Updated May 7, 2015
On Saturday, April 25, a 7.8 magnitude earthquake hit Nepal, with additional tremors continuing throughout the last three days. Over 7,000 are confirmed dead, with many thousands more injured and/or without adequate food, water, or shelter. At times like this, the first question for many is, “How can I help?” For those who want to help, here’s what you need to know now.
There are four phases of disaster relief. We are still in the chaotic first phase when needs on the ground are still being assessed and the primary focus is on immediate search and rescue operations. This is extremely challenging work that requires the specialized expertise of first responders who have experience in similar disasters, and/or have other expertise already on the ground that can be mobilized immediately. In Nepal, with only one airport, continued after shocks, and roads and communication systems in disarray, we don’t even know the full extent of the situation and coordination is critical. Our team is in contact with or tracking information from a network of nonprofits/NGO’s, funding organizations, intermediaries, and colleagues in or with direct connections to Nepal. These include The Center for Disaster Philanthropy, Accountability Lab, The Center for International Disaster Information, Disaster Accountability Project, and the United Nations Office for Coordination of Humanitarian Affairs, among others. As a clearer picture emerges of how philanthropy can help, we will update this post over the coming days and weeks. In the meantime, here are three tips to keep in mind to ensure your giving has the greatest possible impact.
1. Resist the impulse to donate items; send money of any amount instead. Many people are moved to donate items such as food, clothes, or blankets. While well-intentioned, such donations frequently don’t match what is actually needed and can risk taxing precious logistics and storage capacity.
2. Think top down and bottom up: The large, international aid organizations and specialized first responders can tap into global networks and supply chains that allow them to bring resources quickly and at high volume. For example, Oxfam reported dispatching five tons of water and sanitation supplies from its international warehouse in Barcelona, Spain within 72 hours of the earthquake, as well as supplies overland from India. (sources: Boston Herald, Bloomberg). Medicins San Frontieres (Doctors Without Borders) has sent in medical teams with a ‘rapid interventional surgical kit’ to perform needed emergency operations during this critical period (source: MSF website). Large international aid organizations like Save the Children, World Vision, and Unicef which have experience in disaster relief and were already doing work on the ground in Nepal before the earthquake struck, are particularly well-positioned to act.
Although they take longer to identify, local organizations have knowledge and networks that allow them to quickly assess changing priorities and get help to many of the most vulnerable groups faster. For example, Kathmandu Living Labs is using open street mapping tools to map the response and the affected areas (they are an Accountability Lab partner). Their latest update can be found here. Several youth organizations and movements are also mobilizing volunteers to give blood, support families, trace relatives, and more. These include Ayon and Bibeksheel Nepali, a local youth-led political movement that has members in all 11 affected districts (source: Accountability Lab – direct communication). When giving to local organizations, donors will do best to find a trusted source with on-the-ground knowledge that can vouch for for an organization’s legitimacy and efficacy; in a situation where international funds are flowing in, many new organizations may suddenly appear on the horizon, and not all will be legitimate.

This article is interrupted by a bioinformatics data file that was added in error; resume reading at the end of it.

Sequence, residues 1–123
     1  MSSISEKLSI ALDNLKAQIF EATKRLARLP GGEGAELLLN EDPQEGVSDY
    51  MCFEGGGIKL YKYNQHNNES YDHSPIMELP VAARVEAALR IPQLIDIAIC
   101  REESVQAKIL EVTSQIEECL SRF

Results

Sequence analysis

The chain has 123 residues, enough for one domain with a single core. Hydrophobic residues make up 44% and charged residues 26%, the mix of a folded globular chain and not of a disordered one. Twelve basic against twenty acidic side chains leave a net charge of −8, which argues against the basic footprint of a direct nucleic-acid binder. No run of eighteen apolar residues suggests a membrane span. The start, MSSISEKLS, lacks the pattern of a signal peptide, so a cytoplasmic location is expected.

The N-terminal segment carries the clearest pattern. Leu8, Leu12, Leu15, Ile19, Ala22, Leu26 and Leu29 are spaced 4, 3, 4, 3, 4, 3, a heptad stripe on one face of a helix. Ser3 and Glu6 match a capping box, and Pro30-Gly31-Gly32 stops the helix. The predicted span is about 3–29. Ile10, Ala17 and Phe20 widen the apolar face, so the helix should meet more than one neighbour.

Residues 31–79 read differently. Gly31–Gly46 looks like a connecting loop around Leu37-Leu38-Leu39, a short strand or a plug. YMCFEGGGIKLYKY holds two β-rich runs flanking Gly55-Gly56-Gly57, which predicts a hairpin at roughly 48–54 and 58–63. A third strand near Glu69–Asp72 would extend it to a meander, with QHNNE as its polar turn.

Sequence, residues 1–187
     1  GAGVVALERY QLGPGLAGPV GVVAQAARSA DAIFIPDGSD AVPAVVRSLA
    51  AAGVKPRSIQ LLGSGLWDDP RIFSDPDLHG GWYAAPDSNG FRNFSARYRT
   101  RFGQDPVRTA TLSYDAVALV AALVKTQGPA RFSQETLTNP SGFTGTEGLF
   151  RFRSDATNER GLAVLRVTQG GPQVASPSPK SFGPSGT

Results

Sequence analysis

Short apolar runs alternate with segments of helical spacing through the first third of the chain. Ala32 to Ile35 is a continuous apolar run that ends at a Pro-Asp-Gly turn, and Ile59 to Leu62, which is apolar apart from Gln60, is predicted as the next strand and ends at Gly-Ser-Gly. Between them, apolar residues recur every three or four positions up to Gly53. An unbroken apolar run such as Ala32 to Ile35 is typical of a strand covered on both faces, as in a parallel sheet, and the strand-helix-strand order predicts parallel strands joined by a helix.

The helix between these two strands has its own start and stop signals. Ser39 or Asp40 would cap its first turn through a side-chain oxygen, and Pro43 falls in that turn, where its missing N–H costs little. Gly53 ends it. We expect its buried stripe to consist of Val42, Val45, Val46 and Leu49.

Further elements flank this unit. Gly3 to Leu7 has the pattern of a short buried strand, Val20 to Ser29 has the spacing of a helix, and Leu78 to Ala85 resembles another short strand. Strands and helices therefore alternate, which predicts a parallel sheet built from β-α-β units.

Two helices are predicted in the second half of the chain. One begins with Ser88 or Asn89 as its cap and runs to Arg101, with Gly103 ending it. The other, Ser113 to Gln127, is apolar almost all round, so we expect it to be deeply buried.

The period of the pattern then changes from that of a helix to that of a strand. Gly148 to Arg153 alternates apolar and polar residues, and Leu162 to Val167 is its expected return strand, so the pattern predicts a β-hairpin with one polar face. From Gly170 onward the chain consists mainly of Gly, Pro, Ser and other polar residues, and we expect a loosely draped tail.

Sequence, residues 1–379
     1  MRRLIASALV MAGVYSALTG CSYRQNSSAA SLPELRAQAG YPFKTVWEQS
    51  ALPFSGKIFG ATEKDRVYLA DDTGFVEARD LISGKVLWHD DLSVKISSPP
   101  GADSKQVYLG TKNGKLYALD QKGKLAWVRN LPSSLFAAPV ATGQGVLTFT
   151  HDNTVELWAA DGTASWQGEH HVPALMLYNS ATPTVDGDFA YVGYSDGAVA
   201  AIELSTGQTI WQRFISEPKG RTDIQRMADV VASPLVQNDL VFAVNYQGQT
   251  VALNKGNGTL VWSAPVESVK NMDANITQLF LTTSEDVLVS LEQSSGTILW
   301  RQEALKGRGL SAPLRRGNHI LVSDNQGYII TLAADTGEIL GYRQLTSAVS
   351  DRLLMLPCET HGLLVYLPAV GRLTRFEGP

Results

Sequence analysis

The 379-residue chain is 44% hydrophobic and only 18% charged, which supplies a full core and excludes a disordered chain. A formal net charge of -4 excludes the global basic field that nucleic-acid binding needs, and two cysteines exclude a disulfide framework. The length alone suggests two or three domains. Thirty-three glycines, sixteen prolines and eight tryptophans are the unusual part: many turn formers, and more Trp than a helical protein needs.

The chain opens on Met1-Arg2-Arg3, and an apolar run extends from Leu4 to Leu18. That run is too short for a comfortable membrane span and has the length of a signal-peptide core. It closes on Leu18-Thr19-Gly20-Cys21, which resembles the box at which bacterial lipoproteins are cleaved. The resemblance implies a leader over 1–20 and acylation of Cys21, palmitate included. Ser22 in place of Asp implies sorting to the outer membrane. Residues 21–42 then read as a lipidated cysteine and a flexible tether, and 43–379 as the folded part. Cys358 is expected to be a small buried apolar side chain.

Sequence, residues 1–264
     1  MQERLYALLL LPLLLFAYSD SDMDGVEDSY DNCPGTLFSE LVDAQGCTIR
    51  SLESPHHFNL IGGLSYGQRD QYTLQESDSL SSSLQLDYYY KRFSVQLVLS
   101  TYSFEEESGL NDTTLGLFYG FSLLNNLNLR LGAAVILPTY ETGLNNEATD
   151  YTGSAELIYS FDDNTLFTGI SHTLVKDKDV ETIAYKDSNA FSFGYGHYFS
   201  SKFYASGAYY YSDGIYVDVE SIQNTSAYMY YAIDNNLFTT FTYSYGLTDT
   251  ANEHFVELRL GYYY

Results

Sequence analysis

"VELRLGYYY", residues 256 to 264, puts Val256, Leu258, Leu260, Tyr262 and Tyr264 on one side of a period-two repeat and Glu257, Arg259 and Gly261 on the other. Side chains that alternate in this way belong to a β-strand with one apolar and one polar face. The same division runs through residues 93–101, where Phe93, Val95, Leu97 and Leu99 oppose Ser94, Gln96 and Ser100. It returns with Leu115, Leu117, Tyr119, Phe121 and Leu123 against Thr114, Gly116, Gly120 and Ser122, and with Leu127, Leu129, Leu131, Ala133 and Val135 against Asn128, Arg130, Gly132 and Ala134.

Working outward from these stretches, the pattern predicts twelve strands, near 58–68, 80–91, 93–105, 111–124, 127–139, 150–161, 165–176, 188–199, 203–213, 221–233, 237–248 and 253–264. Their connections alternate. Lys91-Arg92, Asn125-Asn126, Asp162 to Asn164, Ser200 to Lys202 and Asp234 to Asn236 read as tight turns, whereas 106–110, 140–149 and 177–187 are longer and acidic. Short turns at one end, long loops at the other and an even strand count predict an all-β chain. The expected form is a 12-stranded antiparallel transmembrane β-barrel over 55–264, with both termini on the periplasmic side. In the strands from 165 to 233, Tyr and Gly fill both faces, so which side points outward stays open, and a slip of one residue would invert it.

Both international and local organizational capacity is critical; the latter even more so, given the third tip.
3. Help is needed way beyond the first stage: After the critical first 72 hours, attention will shift from a focus on search, rescue, and emergency medical care towards addressing the immediate needs and security of survivors – especially in light of Nepal’s wet season which is expected to begin in a short 5 weeks. Even after these immediate, basic needs are met, Nepal will need continued support to rebuild and recover, particularly given the impact the earthquake has had on the country’s important tourism sector. Each phase brings different needs and different players who will be positioned to provide the best help. Although giving in disaster situations tends to decline after the first few days, often funders can have the biggest impact by paying attention long after the initial headlines fade. With this in mind, several organizations, including the Center for Disaster Philanthropy, Geneva Global, and Global Giving have set up pooled funds, which can channel funds to local grantees once medium and longer term needs have become clearer. The Center for Disaster Philanthropy specifically does not disburse funds until after doing an on-the-ground needs assessment three months post-disaster. Of course, many international development organizations as well as local groups are likely to play key roles in the long term recovery process, and some of the funds they gather in the short term may be used in longer term work.